DSR. The paper concludes with some implications as well as
suggestions for building a local DSR community.},
  year = {2012},
  journal = {South African Institute for Computer Scientists and Information Technologists: SAICSIT 2012, Centurion, Tshwane. October 1-3.},
}
Kinyondo J, van Biljon J, Gerber A. An Assessment of Open Source Promotion in addressing ICT Acceptance Challenges in Tanzania. In: IST Africa 2012. ; 2012.

IST-Africa 2012 Conference Proceedings Paul Cunningham and Miriam Cunningham (Eds) IIMC International Information Management Corporation, 2012 ISBN: 978-1-905824-34-2

@{12,
  author = {Josephat Kinyondo and Judy van Biljon and Aurona Gerber},
  title = {An Assessment of Open Source Promotion in addressing ICT Acceptance Challenges in Tanzania},
  abstract = {IST-Africa 2012 Conference Proceedings
Paul Cunningham and Miriam Cunningham (Eds)
IIMC International Information Management Corporation, 2012
ISBN: 978-1-905824-34-2},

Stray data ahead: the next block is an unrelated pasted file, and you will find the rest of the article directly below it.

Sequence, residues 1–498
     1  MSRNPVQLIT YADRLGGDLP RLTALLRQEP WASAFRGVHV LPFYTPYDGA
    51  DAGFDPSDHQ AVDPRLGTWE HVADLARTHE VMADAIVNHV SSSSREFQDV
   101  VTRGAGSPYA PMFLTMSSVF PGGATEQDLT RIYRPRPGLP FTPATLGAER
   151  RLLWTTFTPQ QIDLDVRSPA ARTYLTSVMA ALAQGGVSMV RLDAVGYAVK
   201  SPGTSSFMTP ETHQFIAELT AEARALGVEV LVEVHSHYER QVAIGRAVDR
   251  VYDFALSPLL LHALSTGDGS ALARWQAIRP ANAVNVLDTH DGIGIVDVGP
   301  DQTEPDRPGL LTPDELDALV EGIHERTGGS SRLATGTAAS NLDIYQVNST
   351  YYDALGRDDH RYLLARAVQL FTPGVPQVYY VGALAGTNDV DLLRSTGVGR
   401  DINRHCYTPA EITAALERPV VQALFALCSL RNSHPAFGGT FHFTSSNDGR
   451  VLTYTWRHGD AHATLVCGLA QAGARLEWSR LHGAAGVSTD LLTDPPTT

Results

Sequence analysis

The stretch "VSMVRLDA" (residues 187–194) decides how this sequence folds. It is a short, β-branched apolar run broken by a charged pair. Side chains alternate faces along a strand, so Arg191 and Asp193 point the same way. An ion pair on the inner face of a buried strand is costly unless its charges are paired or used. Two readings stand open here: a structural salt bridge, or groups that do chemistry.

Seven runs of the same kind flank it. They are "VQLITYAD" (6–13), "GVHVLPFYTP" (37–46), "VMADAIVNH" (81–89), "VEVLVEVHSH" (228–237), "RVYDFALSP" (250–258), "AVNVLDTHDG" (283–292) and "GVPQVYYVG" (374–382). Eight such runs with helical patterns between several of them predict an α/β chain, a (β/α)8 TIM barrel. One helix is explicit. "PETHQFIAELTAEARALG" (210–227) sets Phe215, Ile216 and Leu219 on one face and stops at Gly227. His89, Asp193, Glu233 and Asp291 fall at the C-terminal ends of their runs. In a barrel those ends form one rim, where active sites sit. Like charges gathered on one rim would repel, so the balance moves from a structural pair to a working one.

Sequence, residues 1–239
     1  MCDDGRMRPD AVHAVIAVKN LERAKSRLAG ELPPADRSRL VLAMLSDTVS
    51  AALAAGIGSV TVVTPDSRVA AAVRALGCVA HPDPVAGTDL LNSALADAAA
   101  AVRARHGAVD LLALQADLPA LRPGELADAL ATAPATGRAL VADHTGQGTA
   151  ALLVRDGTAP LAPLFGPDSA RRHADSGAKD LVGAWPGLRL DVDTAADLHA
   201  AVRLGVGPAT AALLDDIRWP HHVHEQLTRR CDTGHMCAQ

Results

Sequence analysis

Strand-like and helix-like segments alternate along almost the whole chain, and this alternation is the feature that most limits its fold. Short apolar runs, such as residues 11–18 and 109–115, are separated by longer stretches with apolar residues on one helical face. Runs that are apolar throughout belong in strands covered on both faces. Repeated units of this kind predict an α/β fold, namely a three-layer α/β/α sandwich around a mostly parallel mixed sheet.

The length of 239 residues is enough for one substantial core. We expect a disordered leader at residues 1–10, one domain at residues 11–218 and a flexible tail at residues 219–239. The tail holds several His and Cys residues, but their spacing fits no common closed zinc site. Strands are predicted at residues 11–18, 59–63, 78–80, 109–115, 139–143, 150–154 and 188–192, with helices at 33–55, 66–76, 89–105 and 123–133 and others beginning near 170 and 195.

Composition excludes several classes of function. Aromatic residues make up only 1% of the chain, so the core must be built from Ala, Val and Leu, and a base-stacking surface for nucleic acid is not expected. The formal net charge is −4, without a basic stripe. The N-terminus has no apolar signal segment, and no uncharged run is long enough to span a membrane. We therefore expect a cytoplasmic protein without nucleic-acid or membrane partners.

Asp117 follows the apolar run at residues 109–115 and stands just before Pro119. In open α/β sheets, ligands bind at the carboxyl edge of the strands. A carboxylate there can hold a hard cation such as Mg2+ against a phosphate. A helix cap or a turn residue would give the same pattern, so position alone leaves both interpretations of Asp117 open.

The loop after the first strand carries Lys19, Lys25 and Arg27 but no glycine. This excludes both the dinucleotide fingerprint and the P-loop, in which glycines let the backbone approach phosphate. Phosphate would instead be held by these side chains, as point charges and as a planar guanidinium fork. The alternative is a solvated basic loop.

year = {2012},
  journal = {IST Africa 2012},
}
Gerber A, Sinha S, van der Merwe A, Kam M. Accreditation of Academic Programmes in Computing in South Africa. In: 4th Software Engineering Colloquium (SE 2012). ; 2012.

http://www.sosa.org.za/sites/default/files/IEEE_BITF_SE12_Omnibus_Proceedings.pdf

@{11,
  author = {Aurona Gerber and Saurabh Sinha and Alta van der Merwe and Moshe Kam},
  title = {Accreditation of Academic Programmes in Computing in South Africa},
  abstract = {http://www.sosa.org.za/sites/default/files/IEEE_BITF_SE12_Omnibus_Proceedings.pdf},
  year = {2012},
  journal = {4th Software Engineering Colloquium (SE 2012)},
}
Crichton R, Moodley D, Pillay A, Gakuba R, Seebregts C. An Interoperability Architecture for the Health Information Exchange in Rwanda. In: ; 2012.